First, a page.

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Government seeks private investment boost

Wang Yanfei
Updated: Jun 21,2016 7:38 AM     China Daily

Banking support, long-term measures key to bolstering private investor confidence as economic growth slows

The government is stepping up efforts to remove barriers to the market at a time when private investors are taking a step back.

On June 14, the State Council, China’s cabinet, issued a guideline on boosting fairness in the market, as part of efforts to reverse a slowdown in private investment.

The guideline targets policies that involve government intervention that set up barriers for market access and block private investors. Starting from next month, all departments under the State Council and policymaking bodies in local governments at the provincial level have to carry out a review of current policies and future policymaking processes.

The guideline requires that this review be conducted to see if any policies are discriminatory or restrict market entry, require projects to obtain excessive government approval, or set unreasonable barriers for sectors that are not on the market access negative list made by the State Council, which refers to business activities and industries that market operators are not allowed or restricted to engage in.

Policies will not be rolled out if they are found to not meet the above mentioned standards, according to the guideline.

The guideline was issued after the State Council finished a month-long nationwide probe in May and the National Development and Reform Commission sent teams in June to see how local authorities were implementing government policies on private investment. Growth in private investment has slowed recently, sparking concerns over its weakened support for the nation’s economic growth.

Official data show that private investment increased only 3.9 percent from January to May, down by 1.3 percentage points from the January-April period.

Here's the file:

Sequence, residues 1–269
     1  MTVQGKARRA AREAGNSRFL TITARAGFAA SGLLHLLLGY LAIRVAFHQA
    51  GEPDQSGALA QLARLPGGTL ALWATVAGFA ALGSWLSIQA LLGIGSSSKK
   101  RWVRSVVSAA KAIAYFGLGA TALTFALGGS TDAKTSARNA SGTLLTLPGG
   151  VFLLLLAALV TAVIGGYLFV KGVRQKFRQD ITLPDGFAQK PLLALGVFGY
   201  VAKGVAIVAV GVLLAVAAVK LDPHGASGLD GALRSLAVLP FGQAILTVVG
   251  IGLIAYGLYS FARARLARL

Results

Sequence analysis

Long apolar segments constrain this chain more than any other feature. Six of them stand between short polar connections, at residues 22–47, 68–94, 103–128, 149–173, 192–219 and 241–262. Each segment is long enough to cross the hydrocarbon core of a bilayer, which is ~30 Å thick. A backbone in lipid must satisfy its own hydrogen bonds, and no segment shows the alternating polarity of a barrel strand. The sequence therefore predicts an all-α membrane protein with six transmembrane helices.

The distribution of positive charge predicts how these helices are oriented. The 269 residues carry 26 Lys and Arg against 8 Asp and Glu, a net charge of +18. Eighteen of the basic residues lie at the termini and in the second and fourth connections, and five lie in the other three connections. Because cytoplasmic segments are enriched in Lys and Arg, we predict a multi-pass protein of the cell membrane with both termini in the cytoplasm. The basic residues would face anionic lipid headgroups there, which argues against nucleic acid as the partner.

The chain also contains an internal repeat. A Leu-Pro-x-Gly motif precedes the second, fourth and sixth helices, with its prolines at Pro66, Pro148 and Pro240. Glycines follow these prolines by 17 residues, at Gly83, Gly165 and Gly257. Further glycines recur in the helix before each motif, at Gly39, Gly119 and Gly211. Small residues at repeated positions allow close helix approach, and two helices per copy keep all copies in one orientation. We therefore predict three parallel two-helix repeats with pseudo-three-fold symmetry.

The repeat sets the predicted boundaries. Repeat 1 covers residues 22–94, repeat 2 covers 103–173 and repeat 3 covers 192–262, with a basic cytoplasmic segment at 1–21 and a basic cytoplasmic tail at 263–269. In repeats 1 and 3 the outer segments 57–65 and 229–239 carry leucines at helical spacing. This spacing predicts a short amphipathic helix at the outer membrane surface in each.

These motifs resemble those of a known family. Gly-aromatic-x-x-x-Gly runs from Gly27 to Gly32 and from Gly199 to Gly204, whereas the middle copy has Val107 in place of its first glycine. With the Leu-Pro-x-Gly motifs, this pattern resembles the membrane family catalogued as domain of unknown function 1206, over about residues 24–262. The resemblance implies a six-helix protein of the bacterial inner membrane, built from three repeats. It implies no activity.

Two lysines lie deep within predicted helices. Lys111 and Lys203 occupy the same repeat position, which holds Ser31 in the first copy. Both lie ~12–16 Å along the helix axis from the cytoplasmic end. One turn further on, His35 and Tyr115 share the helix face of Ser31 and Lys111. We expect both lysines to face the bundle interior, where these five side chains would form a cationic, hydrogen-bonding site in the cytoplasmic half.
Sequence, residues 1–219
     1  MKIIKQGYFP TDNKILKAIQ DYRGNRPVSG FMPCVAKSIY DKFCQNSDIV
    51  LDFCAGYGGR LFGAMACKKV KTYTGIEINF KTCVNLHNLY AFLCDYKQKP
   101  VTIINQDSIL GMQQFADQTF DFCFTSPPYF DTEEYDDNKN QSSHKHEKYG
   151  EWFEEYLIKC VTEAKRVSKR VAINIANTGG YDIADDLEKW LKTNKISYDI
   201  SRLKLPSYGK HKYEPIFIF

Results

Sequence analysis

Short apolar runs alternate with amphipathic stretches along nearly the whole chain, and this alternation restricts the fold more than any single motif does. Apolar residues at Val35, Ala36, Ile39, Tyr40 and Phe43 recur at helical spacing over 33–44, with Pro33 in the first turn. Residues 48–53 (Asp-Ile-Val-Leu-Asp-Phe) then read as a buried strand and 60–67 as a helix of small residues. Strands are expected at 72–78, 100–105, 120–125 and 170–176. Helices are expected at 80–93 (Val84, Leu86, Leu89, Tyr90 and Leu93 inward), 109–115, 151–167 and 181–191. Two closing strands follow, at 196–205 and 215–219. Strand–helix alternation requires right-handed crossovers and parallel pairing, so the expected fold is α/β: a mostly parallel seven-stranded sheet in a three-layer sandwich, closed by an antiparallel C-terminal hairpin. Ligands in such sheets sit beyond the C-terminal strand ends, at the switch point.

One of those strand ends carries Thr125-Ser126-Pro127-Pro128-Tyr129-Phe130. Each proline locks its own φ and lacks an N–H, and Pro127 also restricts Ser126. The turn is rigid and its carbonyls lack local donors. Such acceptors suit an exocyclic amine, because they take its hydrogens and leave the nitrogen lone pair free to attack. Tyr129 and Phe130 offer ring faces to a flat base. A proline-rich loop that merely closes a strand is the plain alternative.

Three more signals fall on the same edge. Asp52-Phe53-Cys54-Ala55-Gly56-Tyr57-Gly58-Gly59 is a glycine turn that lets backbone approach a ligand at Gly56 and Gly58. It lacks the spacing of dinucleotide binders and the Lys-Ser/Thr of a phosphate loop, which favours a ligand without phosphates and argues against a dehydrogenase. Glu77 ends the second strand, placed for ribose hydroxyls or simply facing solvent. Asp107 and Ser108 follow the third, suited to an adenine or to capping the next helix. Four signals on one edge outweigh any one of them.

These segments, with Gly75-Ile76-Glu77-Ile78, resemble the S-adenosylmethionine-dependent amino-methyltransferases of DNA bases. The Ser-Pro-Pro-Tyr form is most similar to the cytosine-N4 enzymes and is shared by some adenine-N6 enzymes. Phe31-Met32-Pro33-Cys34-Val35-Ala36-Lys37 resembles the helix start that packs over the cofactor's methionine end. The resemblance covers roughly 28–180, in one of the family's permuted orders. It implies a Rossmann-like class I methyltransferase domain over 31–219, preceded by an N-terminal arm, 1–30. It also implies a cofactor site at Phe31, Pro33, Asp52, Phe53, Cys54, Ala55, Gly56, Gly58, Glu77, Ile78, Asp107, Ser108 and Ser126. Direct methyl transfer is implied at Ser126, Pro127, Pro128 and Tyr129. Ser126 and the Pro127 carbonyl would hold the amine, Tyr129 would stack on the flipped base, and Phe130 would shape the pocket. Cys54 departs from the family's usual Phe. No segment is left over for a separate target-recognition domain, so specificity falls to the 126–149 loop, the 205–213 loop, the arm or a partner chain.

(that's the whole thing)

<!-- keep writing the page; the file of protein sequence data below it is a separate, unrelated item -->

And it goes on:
Li Pumin, a spokesman for the National Development and Reform Commission, admitted at a news conference earlier this month that the commission found barriers set up by local governments to be quite significant.

He said local governments need to make sure that all enterprises, including private enterprises, can benefit equally from preferential policies.

Zhong Wei, an economics professor at Beijing Normal University, highlighted the need to alleviate the effect created by State-owned enterprises, as he found that banks were more willing to issue credit to the State-owned sector of the economy and implement projects led by local governments.

“Private investors need more long-term supportive measures, rather than short-term relief, otherwise new policies will not make a significant difference,” said Zhong.

Zhang Qizuo, an economics professor at Chengdu University, said a “slowing down of private sector investment is unavoidable amid the country’s economic restructuring process”.

“On the government side, more efforts need to be made to lower the costs of private sector investment and make good use of fiscal and monetary policy to support private investment,” he said.

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